But I do want to get back to the gym, I totally know where you're coming from. I did light weights and lots of conditioning type stuff for years, but really got into heavy lifting about 6 months ago, and was just at dead lifting my body weight and near other goals like a pull up when I had to have this. I want to get back to it and have had to talk myself into being ok going back soon and doing basically a fraction of what I did before the surgery, even a fraction of what I did before I figured out efficient heavy lifting. Basically, I discovered the dead lift 6 months ago and fell in love! But I'll get back. And you should too, eventually. Surgical repairs can be really strong, but it sounds like your heavy lifting and mine are on totally different levels. So for you talking to some people with experience in the matter would probably be a good idea just to know what the parameters are and how you can go back to such weights safely.

    Good luck on your recovery!

  8. #8
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    Quote Originally Posted by Max99 View Post
    Thanks, that’s good to know. Even walking short distances right now really wears me out. I will definitely be talking with my surgeon, I have another follow up appointment on Monday, but I thought it would be good to also hear from people who have actually been through something like this. I used to do a lot of heavy powerlifting. I want get back into relatively heavy squats and deadlifts again but I won’t be doing the crazy weights I used to do. All this make me realize how people take things for granted and how I could have possibly prevented my injuries even with the heavy powerlifting with better core strengthening and mobility training. But you just don’t think of that when you’re younger. I know I’m getting way ahead of myself but I’m just eager to get back in shape.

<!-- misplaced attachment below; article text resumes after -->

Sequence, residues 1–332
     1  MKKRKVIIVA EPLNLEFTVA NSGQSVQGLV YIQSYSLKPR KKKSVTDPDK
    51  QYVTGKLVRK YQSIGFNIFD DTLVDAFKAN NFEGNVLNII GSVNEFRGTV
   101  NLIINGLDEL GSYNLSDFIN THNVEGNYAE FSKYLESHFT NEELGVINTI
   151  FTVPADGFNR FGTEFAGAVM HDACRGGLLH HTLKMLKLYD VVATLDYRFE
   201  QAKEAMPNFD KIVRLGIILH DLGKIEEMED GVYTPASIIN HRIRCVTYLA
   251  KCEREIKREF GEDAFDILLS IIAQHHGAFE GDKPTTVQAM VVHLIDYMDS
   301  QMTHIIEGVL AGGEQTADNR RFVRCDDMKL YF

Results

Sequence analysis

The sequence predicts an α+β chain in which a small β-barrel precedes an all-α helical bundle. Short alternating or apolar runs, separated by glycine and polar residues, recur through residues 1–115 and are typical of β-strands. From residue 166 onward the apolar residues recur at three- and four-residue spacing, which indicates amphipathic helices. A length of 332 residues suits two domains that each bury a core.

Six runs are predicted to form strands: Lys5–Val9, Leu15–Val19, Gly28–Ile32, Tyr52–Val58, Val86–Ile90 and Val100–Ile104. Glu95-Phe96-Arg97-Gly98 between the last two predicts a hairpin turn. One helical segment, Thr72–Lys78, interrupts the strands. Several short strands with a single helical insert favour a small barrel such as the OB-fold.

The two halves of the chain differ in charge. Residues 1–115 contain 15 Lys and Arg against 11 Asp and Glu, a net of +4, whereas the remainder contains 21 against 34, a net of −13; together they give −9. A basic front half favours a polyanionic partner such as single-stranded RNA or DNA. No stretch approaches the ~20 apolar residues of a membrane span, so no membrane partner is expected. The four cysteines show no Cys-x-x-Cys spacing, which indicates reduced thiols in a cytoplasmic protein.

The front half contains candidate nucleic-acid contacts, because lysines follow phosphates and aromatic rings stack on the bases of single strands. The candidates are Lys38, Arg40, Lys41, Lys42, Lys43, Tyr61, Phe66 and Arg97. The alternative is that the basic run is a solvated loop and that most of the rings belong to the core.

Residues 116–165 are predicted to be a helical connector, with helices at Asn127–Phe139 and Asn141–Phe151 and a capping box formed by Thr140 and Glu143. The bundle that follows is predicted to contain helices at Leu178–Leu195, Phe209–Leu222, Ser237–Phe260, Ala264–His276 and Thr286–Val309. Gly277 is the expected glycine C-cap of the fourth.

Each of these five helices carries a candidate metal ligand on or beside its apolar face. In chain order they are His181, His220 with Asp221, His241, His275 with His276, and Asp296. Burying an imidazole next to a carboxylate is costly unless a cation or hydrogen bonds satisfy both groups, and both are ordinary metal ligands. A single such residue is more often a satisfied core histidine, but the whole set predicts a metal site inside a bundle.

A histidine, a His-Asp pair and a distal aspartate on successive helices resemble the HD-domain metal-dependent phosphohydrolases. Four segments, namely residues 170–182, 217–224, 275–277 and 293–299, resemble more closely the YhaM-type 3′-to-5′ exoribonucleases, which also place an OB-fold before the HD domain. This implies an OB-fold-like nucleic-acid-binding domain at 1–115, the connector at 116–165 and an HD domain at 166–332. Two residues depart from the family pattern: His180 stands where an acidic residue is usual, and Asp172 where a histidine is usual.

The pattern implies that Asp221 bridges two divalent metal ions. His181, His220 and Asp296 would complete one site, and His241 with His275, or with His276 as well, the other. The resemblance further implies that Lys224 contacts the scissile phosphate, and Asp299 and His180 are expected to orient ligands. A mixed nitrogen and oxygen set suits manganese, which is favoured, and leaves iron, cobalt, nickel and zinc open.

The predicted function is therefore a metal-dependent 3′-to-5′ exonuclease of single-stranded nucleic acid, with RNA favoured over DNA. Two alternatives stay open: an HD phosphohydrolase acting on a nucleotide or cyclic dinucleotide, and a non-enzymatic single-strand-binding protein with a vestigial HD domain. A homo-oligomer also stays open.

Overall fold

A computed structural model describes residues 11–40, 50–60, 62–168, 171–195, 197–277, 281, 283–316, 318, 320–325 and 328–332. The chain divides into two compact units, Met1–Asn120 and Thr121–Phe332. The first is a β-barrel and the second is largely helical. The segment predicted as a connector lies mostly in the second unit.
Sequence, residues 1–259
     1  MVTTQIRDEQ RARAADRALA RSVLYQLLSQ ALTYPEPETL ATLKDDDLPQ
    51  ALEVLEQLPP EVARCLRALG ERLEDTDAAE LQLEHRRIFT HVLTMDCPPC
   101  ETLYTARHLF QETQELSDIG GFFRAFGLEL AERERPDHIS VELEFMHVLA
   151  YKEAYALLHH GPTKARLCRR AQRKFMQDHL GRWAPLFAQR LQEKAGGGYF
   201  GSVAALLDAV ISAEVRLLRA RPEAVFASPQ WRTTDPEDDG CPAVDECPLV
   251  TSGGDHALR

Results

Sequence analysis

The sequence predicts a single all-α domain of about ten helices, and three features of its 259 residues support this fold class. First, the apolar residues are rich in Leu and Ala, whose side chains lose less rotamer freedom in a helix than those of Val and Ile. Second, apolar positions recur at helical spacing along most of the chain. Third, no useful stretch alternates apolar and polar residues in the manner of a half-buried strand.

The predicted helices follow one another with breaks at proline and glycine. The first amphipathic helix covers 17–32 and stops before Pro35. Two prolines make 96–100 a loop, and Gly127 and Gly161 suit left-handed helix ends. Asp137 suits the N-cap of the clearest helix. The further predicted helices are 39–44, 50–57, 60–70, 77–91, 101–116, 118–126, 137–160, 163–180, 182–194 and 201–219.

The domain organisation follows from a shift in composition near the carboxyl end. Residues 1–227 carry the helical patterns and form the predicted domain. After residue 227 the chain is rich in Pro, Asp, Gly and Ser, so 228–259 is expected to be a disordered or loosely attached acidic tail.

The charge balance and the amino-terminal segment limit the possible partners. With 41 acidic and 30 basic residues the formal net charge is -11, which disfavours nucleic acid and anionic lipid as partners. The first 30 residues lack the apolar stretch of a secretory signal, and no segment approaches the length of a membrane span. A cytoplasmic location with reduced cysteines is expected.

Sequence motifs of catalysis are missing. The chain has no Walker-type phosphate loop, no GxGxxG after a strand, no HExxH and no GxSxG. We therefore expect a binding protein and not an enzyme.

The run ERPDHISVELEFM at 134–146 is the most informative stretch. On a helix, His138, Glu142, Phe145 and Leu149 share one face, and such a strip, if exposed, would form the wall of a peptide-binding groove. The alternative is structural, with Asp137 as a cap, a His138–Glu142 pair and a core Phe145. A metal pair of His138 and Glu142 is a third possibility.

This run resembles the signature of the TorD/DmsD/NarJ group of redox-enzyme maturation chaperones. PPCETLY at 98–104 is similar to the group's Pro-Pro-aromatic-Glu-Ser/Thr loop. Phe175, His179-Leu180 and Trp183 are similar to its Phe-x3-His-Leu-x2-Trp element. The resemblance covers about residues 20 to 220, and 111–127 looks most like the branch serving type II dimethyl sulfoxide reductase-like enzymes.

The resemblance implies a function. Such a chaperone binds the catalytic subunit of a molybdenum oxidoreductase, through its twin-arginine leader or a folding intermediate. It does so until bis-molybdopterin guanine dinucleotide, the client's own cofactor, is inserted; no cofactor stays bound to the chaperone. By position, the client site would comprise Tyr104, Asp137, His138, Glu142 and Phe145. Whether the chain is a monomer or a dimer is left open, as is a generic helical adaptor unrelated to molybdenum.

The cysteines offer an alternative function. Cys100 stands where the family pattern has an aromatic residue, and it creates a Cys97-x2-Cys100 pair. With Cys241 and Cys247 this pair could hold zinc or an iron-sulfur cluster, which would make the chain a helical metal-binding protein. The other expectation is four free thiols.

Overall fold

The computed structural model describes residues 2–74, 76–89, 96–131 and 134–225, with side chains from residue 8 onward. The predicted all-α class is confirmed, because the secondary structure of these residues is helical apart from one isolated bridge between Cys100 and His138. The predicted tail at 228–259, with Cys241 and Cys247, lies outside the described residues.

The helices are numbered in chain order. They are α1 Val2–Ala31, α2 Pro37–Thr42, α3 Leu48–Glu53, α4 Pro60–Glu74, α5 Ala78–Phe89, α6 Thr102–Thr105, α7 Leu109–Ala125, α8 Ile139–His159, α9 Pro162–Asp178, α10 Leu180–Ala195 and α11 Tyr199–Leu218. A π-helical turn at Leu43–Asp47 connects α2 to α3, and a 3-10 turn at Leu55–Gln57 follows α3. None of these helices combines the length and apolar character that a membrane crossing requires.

Yes, you can. But I think you should be gradual recovery body, although Hernia Surgery is not major Surgery, but you had better according to the doctor's plan to exercise. Do you think so?

  9. #9
    KestrelSF's Avatar
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    I had an abdominoplasty done at the same time they repaired a hernia from a gallbladder removal. It took me months to recover from it, but I can do squats fine now. I'd say it took almost a year to really fully recover. There's a LOT of tissue damage to recover from. I way under estimated how much time I would need to take off from work, assuming I could go back the week after the surgery. I ended up having to work from home for a couple of weeks and not do anything too strenuous for a few months. It definitely got rid of a lot of loose skin but I would caution that at least in my personal experience it's pretty damn painful and will effect what you can do for a while. I have some pictures on my profile of before and after the surgery. You can still see a scar now but it's not nearly as noticeable, but it's a big scar.